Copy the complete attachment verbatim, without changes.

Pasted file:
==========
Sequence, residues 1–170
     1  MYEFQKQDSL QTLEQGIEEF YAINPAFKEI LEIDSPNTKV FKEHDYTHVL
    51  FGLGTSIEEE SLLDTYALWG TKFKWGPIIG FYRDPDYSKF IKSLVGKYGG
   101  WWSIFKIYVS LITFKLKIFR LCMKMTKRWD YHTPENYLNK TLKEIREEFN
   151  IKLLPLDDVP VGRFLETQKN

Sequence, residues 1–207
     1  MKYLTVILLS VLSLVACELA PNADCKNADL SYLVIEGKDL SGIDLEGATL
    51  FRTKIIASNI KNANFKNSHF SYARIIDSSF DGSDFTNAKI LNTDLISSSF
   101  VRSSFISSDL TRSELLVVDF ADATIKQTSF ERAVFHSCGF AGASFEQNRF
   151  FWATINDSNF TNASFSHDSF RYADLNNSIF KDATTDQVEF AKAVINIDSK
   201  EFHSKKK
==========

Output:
Sequence, residues 1–170
     1  MYEFQKQDSL QTLEQGIEEF YAINPAFKEI LEIDSPNTKV FKEHDYTHVL
    51  FGLGTSIEEE SLLDTYALWG TKFKWGPIIG FYRDPDYSKF IKSLVGKYGG
   101  WWSIFKIYVS LITFKLKIFR LCMKMTKRWD YHTPENYLNK TLKEIREEFN
   151  IKLLPLDDVP VGRFLETQKN

Sequence, residues 1–207
     1  MKYLTVILLS VLSLVACELA PNADCKNADL SYLVIEGKDL SGIDLEGATL
    51  FRTKIIASNI KNANFKNSHF SYARIIDSSF DGSDFTNAKI LNTDLISSSF
   101  VRSSFISSDL TRSELLVVDF ADATIKQTSF ERAVFHSCGF AGASFEQNRF
   151  FWATINDSNF TNASFSHDSF RYADLNNSIF KDATTDQVEF AKAVINIDSK
   201  EFHSKKK